International Tropical Timber Organisation (ITTO)
The ITTO is an intergovernmental organization established under United Nations sponsorship (United Nations Conference on Trade and Development or UNCTAD) with headquarters in Yokohama. The ITTO forum is created through international treaty, the International Tropical Timber Agreement (ITTA). Its current membership stands at 60, comprising 27 from consumer countries and 33 from producer countries.
The ITTO addresses the problems of tropical forests and tropical forestry, like deforestation and social issues. Its objectives are to act as a forum for consultation and cooperation, promote trade of tropical timber from sustainable sources, the Year 2000 Objective of sustainable forest management and market transparency. The technical committees under which ITTO operates are Economic Information and Market Intelligence, Forest Industry and Reforestation and Forest Management.
ITTO also funds projects and other policy initiatives aimed at developing industries at both community and industrial scales. All projects are funded by voluntary contributions, mostly from consumer member countries. Since it became operational in 1987, ITTO has funded more than 940 projects, pre-projects and activities valued at more than US$ 340 million. The major donors are the governments of Japan, Switzerland, United States, Norway and the Netherlands.
ITTO in Sarawak
During the Sixth Session of the International Tropical Timber Council (ITTC) held in Abidjan, Cote d’Ivoire from 16 to 24 May 1989, the Sarawak Government invited the International Tropical Timber Organization (ITTO) to send an independent Mission to undertake a study of sustainable forest management in the State. The Mission’s overall task was to:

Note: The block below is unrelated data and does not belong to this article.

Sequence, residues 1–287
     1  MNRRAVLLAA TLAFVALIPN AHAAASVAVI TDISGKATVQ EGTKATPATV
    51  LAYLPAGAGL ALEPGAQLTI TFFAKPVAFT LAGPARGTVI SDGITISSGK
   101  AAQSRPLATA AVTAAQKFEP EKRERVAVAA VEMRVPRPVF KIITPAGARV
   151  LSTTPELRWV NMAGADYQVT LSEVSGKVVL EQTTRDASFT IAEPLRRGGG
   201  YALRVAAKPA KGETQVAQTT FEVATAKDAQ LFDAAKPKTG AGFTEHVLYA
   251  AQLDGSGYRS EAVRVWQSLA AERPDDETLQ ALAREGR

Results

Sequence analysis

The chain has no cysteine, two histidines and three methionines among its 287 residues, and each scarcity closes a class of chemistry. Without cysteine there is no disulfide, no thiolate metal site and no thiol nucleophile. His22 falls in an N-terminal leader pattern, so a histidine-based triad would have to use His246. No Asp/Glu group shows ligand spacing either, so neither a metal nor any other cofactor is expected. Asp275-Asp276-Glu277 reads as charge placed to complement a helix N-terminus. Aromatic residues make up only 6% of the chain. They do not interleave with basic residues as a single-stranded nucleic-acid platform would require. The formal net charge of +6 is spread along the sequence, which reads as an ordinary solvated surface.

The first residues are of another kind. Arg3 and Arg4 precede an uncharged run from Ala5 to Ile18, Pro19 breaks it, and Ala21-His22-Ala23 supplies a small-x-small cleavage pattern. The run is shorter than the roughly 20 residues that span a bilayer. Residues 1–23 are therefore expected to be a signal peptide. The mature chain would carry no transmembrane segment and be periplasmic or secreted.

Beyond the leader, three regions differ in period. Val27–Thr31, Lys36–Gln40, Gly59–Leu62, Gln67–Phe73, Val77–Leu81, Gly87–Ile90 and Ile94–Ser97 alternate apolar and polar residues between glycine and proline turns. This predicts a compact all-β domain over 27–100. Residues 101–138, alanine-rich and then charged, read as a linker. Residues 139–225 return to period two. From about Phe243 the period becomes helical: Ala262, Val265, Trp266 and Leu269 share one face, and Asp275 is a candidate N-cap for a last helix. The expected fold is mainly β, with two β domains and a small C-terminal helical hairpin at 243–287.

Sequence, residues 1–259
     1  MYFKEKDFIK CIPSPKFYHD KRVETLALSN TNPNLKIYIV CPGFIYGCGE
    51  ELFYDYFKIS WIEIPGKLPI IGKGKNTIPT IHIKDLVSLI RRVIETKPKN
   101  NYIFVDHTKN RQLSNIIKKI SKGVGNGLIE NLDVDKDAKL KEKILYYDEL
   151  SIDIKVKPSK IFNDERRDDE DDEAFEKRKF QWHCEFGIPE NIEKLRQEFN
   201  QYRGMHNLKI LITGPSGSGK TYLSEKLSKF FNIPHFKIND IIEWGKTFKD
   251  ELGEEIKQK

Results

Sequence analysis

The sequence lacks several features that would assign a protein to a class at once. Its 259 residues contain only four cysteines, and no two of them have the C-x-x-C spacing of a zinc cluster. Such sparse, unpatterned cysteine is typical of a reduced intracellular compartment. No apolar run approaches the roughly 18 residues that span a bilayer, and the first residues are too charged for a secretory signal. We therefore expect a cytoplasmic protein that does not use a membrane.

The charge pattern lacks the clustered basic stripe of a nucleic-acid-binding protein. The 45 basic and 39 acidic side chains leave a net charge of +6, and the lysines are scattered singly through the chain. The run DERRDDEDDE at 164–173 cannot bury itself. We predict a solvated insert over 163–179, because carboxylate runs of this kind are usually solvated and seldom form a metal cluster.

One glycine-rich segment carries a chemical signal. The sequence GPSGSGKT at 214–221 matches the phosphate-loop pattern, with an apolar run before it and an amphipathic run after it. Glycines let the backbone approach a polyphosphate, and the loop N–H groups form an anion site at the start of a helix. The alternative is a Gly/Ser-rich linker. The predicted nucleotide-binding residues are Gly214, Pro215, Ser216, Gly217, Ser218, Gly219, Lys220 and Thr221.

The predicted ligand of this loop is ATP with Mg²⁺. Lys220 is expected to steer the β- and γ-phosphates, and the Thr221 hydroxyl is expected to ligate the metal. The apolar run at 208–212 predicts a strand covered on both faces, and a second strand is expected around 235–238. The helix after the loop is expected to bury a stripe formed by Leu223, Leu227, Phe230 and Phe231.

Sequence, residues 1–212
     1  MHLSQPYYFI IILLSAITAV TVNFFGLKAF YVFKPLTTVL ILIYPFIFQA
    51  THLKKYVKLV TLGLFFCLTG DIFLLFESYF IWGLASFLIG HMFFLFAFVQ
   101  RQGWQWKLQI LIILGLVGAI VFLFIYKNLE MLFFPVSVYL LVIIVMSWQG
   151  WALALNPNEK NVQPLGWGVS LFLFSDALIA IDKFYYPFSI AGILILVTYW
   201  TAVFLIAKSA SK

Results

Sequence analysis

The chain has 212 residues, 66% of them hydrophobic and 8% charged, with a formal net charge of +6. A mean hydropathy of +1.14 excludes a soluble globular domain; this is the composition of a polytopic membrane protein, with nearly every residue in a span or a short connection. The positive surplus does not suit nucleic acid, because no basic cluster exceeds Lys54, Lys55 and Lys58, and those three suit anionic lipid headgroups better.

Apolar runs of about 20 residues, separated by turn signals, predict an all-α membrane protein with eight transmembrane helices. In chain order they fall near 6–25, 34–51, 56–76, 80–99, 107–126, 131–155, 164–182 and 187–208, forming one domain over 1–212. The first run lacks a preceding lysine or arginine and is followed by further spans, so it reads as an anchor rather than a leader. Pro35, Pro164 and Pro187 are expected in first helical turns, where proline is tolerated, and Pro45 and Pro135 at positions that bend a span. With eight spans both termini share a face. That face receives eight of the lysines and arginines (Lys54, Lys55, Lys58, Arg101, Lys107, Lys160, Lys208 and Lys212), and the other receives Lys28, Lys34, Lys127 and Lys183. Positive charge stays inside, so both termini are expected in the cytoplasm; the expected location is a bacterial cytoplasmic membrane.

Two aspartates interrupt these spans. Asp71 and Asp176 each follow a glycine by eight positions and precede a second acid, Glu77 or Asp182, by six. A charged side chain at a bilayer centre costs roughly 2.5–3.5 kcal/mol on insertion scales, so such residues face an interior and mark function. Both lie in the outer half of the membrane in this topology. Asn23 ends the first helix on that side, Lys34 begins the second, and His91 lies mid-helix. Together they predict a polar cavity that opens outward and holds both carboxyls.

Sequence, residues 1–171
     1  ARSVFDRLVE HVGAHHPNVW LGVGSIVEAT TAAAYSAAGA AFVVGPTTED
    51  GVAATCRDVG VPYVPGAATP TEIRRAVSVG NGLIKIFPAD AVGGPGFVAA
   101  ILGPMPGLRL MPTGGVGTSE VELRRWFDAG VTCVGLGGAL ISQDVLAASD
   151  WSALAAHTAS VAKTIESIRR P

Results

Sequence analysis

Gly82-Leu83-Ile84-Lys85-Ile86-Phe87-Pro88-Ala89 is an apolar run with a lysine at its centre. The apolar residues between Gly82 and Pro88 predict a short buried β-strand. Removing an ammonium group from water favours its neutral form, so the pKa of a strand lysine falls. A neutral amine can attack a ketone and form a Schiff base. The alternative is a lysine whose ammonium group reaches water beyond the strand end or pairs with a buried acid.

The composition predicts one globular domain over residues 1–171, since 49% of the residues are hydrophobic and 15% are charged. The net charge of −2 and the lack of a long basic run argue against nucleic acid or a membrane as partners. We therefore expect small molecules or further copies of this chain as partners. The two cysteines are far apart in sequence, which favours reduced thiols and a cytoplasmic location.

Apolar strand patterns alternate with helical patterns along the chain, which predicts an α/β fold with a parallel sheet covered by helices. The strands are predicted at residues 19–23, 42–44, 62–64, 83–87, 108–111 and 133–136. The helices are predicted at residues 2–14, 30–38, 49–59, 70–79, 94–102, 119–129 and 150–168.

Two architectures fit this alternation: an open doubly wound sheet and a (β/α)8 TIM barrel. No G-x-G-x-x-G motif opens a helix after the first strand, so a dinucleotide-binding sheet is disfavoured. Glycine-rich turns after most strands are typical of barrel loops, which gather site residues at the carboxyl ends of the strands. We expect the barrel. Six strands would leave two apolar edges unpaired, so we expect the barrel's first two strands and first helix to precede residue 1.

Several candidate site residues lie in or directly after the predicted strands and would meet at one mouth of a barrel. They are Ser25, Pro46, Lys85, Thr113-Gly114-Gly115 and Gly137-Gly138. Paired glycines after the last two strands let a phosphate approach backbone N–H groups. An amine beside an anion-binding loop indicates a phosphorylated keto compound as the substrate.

(1) assess the sustainable utilization and conservation of tropical forests and their genetic resources;
(2) recommend what improvements are needed and possibly how to put them into effect;
(3) propose a programme of local and international cooperation and assistance to that end.
On conservation and community welfare, the Mission recommended that the government must ensure a complete coverage of ecosystems for biodiversity conservation, improve public relations between Forest Department and local communities, and enhance local benefits of national parks and wildlife sanctuaries.
To support the government’s efforts in sustainable forest management and conservation, ITTO has, since 1993, funded four pre-projects and 13 projects in Sarawak worth an estimated US$25 million. Of this amount, some US$15 million was contributed by ITTO and the remaining US$10 million by the Malaysian Government and Sarawak State Government.
The project ‘Development of Lanjak Entimau Wildlife Sanctuary as a Totally Protected Area’ was the first to be implemented in 1993, and will come to an end later this year. The other on-going project is entitled “Transboundary Biodoversity Conservation: The Pulong Tau National Park.” The local communities living around this park are Kelabit, Lun Bawang and Penan.
Three of the projects recommended by the Mission for implementation are: